Wolfram Computation Meets Knowledge

The Mathematica Story: A Scrapbook

Three Decades of Contributions to Invention, Discovery and Education

Amaro J. Rica da Silva, Physics Department, Instituto Superior Técnico, Lisbon University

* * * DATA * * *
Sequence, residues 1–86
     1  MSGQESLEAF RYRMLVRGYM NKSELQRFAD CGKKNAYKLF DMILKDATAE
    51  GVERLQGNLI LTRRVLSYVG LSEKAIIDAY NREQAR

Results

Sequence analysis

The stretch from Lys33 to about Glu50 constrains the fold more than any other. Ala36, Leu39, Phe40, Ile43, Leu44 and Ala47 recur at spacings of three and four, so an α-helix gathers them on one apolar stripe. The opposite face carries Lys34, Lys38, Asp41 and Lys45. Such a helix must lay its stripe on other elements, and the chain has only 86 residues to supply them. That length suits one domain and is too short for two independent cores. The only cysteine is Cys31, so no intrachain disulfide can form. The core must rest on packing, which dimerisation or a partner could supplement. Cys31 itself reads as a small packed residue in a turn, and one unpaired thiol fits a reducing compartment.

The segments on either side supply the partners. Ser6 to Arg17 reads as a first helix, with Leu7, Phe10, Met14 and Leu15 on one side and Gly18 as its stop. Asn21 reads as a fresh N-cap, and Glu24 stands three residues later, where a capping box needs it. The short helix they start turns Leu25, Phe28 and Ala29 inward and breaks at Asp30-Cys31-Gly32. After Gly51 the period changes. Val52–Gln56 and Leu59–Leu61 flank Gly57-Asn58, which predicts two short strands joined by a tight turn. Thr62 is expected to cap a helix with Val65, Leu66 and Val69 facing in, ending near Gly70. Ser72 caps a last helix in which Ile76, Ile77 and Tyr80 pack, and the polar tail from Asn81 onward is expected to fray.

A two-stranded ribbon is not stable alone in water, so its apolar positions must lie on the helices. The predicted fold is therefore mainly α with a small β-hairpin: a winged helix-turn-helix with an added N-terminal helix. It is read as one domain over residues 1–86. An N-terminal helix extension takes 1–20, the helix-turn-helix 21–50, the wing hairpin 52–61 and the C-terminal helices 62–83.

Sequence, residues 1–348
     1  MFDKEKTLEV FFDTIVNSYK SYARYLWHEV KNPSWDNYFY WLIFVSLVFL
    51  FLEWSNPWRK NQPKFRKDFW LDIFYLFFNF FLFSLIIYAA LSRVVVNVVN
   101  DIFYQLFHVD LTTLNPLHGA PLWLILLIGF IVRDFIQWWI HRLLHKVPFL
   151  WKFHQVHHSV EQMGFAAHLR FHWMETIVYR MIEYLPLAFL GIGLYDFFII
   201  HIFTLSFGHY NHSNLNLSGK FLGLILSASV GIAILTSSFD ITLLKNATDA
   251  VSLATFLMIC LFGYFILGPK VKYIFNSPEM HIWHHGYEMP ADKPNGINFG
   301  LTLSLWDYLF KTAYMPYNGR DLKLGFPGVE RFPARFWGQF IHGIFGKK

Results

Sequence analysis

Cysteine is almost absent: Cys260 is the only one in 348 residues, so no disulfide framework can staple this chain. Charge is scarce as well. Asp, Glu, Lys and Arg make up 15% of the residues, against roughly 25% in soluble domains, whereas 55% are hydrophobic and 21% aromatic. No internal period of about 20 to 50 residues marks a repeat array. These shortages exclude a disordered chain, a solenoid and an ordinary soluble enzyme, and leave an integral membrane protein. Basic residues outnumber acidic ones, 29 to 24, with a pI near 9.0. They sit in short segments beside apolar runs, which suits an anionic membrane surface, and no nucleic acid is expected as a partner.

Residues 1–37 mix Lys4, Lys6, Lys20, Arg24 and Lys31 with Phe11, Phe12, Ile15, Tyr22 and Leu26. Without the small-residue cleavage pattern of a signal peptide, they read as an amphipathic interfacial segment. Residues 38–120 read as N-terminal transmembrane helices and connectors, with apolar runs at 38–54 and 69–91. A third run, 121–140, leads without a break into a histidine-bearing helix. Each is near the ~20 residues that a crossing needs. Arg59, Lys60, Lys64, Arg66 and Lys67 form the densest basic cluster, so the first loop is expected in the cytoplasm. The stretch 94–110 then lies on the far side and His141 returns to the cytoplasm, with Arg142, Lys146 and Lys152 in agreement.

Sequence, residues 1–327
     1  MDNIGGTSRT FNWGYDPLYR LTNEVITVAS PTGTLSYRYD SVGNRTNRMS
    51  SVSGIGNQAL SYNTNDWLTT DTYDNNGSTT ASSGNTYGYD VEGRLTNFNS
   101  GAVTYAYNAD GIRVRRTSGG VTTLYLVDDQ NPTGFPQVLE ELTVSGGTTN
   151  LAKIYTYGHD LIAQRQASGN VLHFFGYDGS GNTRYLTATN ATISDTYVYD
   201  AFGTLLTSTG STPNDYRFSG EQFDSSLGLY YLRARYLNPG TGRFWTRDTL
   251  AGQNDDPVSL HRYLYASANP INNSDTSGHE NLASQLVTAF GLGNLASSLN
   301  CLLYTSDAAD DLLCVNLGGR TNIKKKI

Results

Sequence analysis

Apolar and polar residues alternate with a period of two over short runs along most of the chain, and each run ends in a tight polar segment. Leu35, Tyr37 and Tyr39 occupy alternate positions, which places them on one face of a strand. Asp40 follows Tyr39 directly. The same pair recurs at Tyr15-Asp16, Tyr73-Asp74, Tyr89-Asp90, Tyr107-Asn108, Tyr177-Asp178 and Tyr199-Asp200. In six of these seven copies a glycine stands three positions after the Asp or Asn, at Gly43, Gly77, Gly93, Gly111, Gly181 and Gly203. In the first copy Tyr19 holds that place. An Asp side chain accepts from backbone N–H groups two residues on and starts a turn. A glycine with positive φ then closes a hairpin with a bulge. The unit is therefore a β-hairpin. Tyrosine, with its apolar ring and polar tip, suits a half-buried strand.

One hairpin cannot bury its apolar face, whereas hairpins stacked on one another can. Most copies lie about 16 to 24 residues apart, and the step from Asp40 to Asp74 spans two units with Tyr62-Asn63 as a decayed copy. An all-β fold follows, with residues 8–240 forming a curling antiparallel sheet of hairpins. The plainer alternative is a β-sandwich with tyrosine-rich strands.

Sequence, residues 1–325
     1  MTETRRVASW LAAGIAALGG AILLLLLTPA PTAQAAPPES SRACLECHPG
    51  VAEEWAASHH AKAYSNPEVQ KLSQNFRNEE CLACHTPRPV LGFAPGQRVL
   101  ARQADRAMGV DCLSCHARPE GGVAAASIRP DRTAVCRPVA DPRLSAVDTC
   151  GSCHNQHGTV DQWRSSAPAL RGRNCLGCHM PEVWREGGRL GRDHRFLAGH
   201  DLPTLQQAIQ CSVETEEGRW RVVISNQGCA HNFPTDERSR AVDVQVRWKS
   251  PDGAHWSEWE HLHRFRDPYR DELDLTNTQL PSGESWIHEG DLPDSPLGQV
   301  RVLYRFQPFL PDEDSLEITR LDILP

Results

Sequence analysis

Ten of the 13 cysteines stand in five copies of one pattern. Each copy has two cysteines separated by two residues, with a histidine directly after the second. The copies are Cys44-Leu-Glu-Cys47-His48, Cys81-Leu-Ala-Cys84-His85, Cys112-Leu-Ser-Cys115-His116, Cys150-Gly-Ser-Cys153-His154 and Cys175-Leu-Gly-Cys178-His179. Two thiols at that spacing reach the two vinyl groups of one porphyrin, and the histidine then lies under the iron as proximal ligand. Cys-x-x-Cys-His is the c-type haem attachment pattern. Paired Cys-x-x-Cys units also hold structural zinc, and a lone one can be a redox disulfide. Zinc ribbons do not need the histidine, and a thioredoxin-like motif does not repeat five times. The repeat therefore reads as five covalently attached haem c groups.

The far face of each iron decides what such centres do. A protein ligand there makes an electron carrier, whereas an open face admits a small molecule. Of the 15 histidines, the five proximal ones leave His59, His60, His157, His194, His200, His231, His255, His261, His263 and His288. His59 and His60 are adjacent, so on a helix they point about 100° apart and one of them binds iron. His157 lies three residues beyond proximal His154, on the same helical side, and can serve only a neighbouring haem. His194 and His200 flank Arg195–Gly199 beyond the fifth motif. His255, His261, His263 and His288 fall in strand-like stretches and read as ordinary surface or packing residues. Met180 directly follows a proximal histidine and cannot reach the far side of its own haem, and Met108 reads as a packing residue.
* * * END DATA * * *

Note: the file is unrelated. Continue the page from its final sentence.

I was working on my PhD at the University of Gainesville, Florida, in 1986 when I first started working with a Symbolic Manipulation Program called SMP (Wolfram’s own) on a VT terminal at the Physics Department. It was truly useful but soon afterwards I bought my first Mac II, and started working from home wishing that I could do some of that on it. Fortunately, I read in a Mac journal the announcement of the first version of Mathematica for the Mac, and I requested immediately a grant from the Luso American Foundation under the Fulbright program for its acquisition, and I’ve been using it ever since on Mac, NeXT, and Linux workstations. When I returned to Portugal in 1989 I started an introductory course on computational methods in physics, which included Mathematica-based notebook assignments at the IST-Lisbon, and lectured with it in a course on group theory for physics. Currently I also do research in solar physics and use Mathematica wavelet functionality and ease of programming to quickly develop strategies for intensive image analysis with palatalization and even GPU computation.